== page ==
Russians bring mixed message to Washington

Friday 19/02/2016
Vitaly Naumkin

Washington - Moscow does not see a political future for Syrian President Bashar Assad and can find common ground with the United States on Syria, Rus­sian experts said during a panel dis­cussion in Washington.

However, the Russian delegation warned that rising tensions between Middle Eastern regional powers as well as low oil prices and hints that the United States might deploy troops to Syria complicate a path to a resolution to the Syrian crisis.

“I don’t think Moscow sees a fu­ture for Assad as a political leader… We have already pitched this kind of compromise [to the United States],” said Irina Zvyagelskaya, a scholar at the Institute of Oriental Studies in Moscow. She spoke to The Arab Weekly after appearing January 27th on a panel hosted by the Wood­row Wilson Center in Washington.

Zvyagelskaya added that it would be “counterproductive” to insist on Assad’s removal as a precondition to peace talks. “Assad will have no in­centive to participate in any negotia­tions if that’s the precondition,” she said. She added that Russia wants to collaborate with the United States on finding a resolution in Syria.

Assad’s role in a post-war Syria is one of the main sticking points be­tween the United States and Russia, with the former sometimes insisting on Assad’s removal as a precondi­tion to any agreement.

The Russian delegation included Vitaly Naumkin, director of the In­stitute of Oriental Studies. Naum­kin presided over talks in Moscow in 2015 with some of Syria’s warring factions. The delegation met US pol­icymakers during their visit.

Naumkin said Russia is pursuing a “two-track approach” to Syria: “One is assisting Syria in confront­ing jihadists… and the second is a political track, pushing both sides towards negotiations,” he said.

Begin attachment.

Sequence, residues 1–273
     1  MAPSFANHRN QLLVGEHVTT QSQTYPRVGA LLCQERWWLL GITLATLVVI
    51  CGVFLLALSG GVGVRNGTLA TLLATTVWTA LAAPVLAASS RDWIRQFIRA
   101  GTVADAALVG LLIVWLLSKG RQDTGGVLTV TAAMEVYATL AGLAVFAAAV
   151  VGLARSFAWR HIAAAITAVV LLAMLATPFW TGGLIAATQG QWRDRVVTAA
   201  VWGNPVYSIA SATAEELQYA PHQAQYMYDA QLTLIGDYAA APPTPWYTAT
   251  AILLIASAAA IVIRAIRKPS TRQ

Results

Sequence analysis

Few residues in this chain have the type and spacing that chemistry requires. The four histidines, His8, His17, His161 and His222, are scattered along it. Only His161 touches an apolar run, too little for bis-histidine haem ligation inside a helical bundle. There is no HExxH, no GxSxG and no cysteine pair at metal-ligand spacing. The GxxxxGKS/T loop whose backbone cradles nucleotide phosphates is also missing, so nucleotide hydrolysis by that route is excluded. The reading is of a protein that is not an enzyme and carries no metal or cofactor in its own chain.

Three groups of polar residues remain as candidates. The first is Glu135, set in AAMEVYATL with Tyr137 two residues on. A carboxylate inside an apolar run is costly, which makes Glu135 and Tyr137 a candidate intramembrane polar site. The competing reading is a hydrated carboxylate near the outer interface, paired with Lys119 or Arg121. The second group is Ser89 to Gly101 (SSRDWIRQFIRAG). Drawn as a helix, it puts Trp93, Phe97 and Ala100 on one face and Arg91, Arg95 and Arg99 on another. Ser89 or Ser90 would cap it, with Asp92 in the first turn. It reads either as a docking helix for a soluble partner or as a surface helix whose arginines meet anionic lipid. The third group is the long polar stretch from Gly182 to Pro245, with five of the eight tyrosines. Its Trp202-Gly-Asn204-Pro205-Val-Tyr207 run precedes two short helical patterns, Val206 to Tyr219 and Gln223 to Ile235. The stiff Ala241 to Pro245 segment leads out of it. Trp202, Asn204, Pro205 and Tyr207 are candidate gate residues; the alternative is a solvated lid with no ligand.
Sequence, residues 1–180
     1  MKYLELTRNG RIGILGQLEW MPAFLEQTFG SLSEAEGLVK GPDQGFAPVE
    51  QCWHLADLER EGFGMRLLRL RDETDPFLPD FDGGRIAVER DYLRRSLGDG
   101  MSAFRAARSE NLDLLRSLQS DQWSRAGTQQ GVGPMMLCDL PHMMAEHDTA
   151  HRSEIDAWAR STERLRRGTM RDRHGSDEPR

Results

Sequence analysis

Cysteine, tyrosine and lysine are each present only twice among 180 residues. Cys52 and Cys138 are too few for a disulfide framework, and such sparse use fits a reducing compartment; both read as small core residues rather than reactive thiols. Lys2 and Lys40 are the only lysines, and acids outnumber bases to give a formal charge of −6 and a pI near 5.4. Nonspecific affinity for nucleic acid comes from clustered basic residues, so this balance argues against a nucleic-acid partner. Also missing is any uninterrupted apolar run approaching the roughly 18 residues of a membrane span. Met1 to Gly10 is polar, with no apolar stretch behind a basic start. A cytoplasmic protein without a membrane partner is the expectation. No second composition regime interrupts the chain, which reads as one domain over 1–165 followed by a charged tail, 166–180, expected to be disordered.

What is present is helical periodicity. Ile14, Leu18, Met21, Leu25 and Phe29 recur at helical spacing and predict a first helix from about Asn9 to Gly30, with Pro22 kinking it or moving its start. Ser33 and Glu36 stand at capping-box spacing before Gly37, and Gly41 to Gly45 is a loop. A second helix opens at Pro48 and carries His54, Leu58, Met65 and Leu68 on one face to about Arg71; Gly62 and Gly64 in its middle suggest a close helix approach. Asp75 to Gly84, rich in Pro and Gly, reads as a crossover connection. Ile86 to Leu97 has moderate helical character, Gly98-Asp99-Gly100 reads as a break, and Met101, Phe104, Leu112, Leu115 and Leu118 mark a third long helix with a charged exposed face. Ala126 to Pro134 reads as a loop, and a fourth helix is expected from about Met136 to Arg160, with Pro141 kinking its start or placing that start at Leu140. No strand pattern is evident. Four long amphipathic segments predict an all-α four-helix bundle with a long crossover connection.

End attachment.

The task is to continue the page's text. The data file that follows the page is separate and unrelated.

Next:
Russia began air strikes on Syrian territories in 2015, claiming it was targeting Islamic State (ISIS) posi­tions. But according to international rights organisations, Russia has been attacking strongholds of Syrian rebel factions that have been fight­ing both ISIS and the Assad regime’s troops.

Reports place civilian deaths by Russian air strikes at more than 400. Locals in rebel-held suburbs of Homs and Damascus blame Rus­sians for striking at least one school and an open market in December, leaving dozens dead and hundreds injured.

The panel discussion became awkward when Naumkin abruptly walked out of the room after a dip­lomat from the British embassy confronted the Russian delegation about air strikes that did not ap­pear to target ISIS. Naumkin later returned to answer other questions from the audience.

Observers of Russian military involvement in Syria say some of the air strikes are indeed designed to weaken anti-Assad factions be­fore pushing them to the negotiat­ing table. For example, strikes on southern Syria, which is not part of ISIS territory, helped government troops regain the strategic southern town of Sheikh Miskin, the kind of territorial win that has happened in other parts of Syria since Russian air strikes commenced in September.

“We’re doing our job there, and we’re trying to help the government in Damascus,” Naumkin said. “We were invited by this government and we consider it to be legitimate. The only alternative is that Damas­cus will be turned into the capital of the caliphate.”

Russia views the Assad regime as “one of the last secular, nationalist regimes in the region”, according to Naumkin.

He added that sanctions imposed by the United States against Russia have little effect domestically but said Russia is suffering from the low price of oil, which he expects to remain low “for the foreseeable fu­ture”, especially when Iran starts to add to the global oil supply.

Naumkin warned that the low oil prices have regional implica­tions. “It puts certain limitations on countries involved in the balance of power, including Saudi Arabia, Rus­sia, the US and Iran,” he said, add­ing that the exacerbation of hostili­ties between Iran and Saudi Arabia might derail Syrian talks.

Tehran and Riyadh are engaged in proxy wars in Syria, Iraq and Yemen. The two regional powers severed diplomatic ties in early January af­ter the kingdom executed a Saudi Shia cleric, sparking attacks on its embassy in Tehran.

Naumkin warned that Ameri­can troops being deployed in Syria would be a “game changer”. He was apparently referring to recent comments by US Defense Secretary Ashton Carter regarding increasing the US military presence in Iraq, though Carter did not clarify any plans for Syria.

The United States has about 50 special operations forces troops in Syria to support local, anti-Assad forces.

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